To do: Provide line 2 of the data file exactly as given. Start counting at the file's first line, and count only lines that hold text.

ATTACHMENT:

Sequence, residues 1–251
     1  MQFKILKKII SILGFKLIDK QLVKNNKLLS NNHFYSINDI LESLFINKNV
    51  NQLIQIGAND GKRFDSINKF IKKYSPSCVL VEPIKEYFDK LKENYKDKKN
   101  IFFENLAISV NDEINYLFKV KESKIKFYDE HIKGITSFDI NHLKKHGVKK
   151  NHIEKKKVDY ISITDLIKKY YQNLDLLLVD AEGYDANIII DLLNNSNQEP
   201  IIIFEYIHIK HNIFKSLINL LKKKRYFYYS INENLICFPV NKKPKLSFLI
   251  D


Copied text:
     1  MQFKILKKII SILGFKLIDK QLVKNNKLLS NNHFYSINDI LESLFINKNV